There were flags up in people's gardens, kids wearing crowns looking like they'd been on a mass outing to Burger King, folk waving flags galore, weeping pensioners, 90 000 people on parliament square in the freezing cold chanting 'hurrah' in unison with the Prime Minister in some vaguely culty manner! They were even all over TikTok sharing this kind of thing: 

Watching their traditions, for example that the monarch has to ride in some golden horse-drawn carriage presumably without the heated seats and comfortable suspension of the car used to transport the rest of the entourage seemed a bit to me like they'd drawn the short straw. No wonder the old girl decided to resign if it got her out the carriage into the limo! One thing I could never have in Northern Europe is a car without heated seats in the winter!

Nor have I ever been overly comfortable with all the deferential curtsying and bowing. There was King Frederik bowing to his own mother. What?! My kids sure don't so that when I'm around! It's just plain weird. And as she stood up to leave the room she proclaimed 'Gud bevare Kongen!' (God save the King). Again, it's just not something my mother ever said leaving me or my brother to go into another room! It's just all kind of unrelatable! Maybe it's actually monarchies in general rather than specifically this one that I struggle with. 

This is a little country and seems to function more like a clan than a nation. As a foreigner, I could see how they all felt, but I couldn't feel it. I didn't know how to. What makes this family different to any other here? The new King was born the same year as me, has four kids instead of five. Are we really that different? Apparently, so, but I am not sure why! I definitely felt very much an outsider watching this national family party that I felt I just hadn't been invited to, mentally at least! I secretly wonder whether the new Queen herself, a fellow foreigner, felt just a tiny bit on the outside of all this too, or maybe it's easier to feel part of it all when the crowd is going wild for you, the state is filling your bank account and instead of a ten year plus battle for Danish citizenship, you're simply given it as a freebie on your marriage!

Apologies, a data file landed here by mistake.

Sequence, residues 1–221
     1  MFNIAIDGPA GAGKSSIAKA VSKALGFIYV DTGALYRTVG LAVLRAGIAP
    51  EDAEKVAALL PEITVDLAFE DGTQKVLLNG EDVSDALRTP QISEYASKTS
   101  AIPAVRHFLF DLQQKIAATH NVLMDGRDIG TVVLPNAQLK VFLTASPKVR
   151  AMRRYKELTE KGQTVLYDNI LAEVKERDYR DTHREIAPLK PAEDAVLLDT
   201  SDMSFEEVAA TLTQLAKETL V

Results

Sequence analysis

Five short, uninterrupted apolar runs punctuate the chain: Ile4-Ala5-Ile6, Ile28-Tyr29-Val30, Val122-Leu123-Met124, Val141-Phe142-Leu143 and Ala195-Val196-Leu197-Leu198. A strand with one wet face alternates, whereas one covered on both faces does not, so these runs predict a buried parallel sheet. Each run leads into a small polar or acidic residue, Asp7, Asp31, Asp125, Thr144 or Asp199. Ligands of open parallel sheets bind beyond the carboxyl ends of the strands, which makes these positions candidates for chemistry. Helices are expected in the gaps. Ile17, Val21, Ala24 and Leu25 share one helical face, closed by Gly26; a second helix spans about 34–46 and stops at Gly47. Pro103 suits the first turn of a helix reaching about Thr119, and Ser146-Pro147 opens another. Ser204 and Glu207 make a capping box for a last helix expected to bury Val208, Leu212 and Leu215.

Interestingly, when the kids went into school on Monday morning, Léon whose Gymnasium class is in their final year and full of 19-20 year olds, said that to a man they were gushing over the weekend as if a member of their own family had married and thrown the best party ever. Anna whose class is two years younger and still in the first year of Gym were on the whole the same, though a few were more neutral, however Amaia who is in her first year of the 3-year middle school, surrounded by 14 year olds, said no one mentioned it and when the history teacher tried to engage them on the topic of the historical occasion from the day before no one showed the slightest interest in any of it! Come to think of it the kids in the crowd at the actual event were all very much younger than Amaia. Maybe it is cool to rebel at 14, but by 20 you are back securely in the fold of this enormous family.

I suspect this is all very familiar to those who watched Charles' do last year in England but you see I was way too busy washing my hair that day to catch any of the footage. 😉

Anna summed it up on the day for this house succinctly... 
Anna: You see that crowd of people waiting outside in the cold to greet the new king of Denmark, mum?
Me: Yes.
Anna: I can guarantee you one thing... My future husband is not in that crowd!🤣